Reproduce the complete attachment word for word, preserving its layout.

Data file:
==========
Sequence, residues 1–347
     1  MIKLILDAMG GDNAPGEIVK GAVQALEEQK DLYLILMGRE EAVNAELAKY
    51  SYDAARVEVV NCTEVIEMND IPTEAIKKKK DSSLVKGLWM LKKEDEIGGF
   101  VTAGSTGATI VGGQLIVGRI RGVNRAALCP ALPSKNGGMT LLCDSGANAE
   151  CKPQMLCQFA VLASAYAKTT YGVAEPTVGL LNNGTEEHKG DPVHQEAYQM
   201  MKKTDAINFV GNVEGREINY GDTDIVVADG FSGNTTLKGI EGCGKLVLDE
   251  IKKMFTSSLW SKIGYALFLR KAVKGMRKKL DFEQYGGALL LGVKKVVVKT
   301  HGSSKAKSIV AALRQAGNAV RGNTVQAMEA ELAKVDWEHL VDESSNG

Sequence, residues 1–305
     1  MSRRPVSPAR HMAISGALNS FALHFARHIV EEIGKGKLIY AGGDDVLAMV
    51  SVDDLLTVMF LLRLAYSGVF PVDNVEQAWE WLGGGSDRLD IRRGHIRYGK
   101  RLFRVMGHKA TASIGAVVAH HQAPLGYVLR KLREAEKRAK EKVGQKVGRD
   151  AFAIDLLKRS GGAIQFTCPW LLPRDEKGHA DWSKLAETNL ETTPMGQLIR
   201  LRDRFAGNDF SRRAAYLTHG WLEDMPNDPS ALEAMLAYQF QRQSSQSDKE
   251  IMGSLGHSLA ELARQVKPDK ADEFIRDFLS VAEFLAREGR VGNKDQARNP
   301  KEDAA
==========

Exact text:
Sequence, residues 1–347
     1  MIKLILDAMG GDNAPGEIVK GAVQALEEQK DLYLILMGRE EAVNAELAKY
    51  SYDAARVEVV NCTEVIEMND IPTEAIKKKK DSSLVKGLWM LKKEDEIGGF
   101  VTAGSTGATI VGGQLIVGRI RGVNRAALCP ALPSKNGGMT LLCDSGANAE
   151  CKPQMLCQFA VLASAYAKTT YGVAEPTVGL LNNGTEEHKG DPVHQEAYQM
   201  MKKTDAINFV GNVEGREINY GDTDIVVADG FSGNTTLKGI EGCGKLVLDE
   251  IKKMFTSSLW SKIGYALFLR KAVKGMRKKL DFEQYGGALL LGVKKVVVKT
   301  HGSSKAKSIV AALRQAGNAV RGNTVQAMEA ELAKVDWEHL VDESSNG

Sequence, residues 1–305
     1  MSRRPVSPAR HMAISGALNS FALHFARHIV EEIGKGKLIY AGGDDVLAMV
    51  SVDDLLTVMF LLRLAYSGVF PVDNVEQAWE WLGGGSDRLD IRRGHIRYGK
   101  RLFRVMGHKA TASIGAVVAH HQAPLGYVLR KLREAEKRAK EKVGQKVGRD
   151  AFAIDLLKRS GGAIQFTCPW LLPRDEKGHA DWSKLAETNL ETTPMGQLIR
   201  LRDRFAGNDF SRRAAYLTHG WLEDMPNDPS ALEAMLAYQF QRQSSQSDKE
   251  IMGSLGHSLA ELARQVKPDK ADEFIRDFLS VAEFLAREGR VGNKDQARNP
   301  KEDAA